A gluten-free diet is a medical diet for controlling the symptoms of celiac disease and gluten sensitivity. It eliminates foods that contain gluten—a protein found in wheat, barley, rye, and some oats. This includes a wide array of foods and beverages, including:
An intestinal disease is any medical condition that impacts a segment of the small or large intestines, which are part of the gastrointestinal tract (your digestive system). Celiac disease and Crohn’s disease affect the small intestine. Ulcerative colitis and diverticulitis affect the large intestine. Irritable bowel syndrome (IBS) impacts both.
Malnutrition results from your body not getting enough nutrients. Poor diet and certain medical conditions, including untreated celiac disease, can cause malnutrition. In people with celiac, the immune system damages the lining of the small intestine, which impairs its ability to absorb nutrients. Following a gluten-free diet usually eliminates the damage and the risk of becoming malnourished.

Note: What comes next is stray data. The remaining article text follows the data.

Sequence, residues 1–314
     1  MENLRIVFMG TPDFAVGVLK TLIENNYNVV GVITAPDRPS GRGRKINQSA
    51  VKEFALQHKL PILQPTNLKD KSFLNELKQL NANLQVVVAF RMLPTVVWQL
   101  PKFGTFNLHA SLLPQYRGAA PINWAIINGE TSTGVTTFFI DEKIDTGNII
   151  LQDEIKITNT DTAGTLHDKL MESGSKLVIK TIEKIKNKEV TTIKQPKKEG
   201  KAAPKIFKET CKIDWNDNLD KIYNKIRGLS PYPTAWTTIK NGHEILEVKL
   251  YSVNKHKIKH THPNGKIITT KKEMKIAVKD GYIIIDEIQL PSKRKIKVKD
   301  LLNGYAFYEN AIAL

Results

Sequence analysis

Typically the first test performed for suspected celiac disease, the tTG-IgA test includes two measures of antibodies that can indicate the disease. tTG stands for tissue transglutaminase and IgA stands for immunoglobulin A. IgA is the most common antibody found in people with celiac.
In celiac disease, gluten causes damage to the villi of the small intestine, short projections that absorb nutrients. Explore an interactive model that shows how this damage can deepen the area between villi known as intestinal crypts, causing lesions to form on the intestine.
U.S. National Library of Medicine. Colonic diseases. Medline Plus.
U.S. National Library of Medicine. Small intestine disorders. Medline Plus.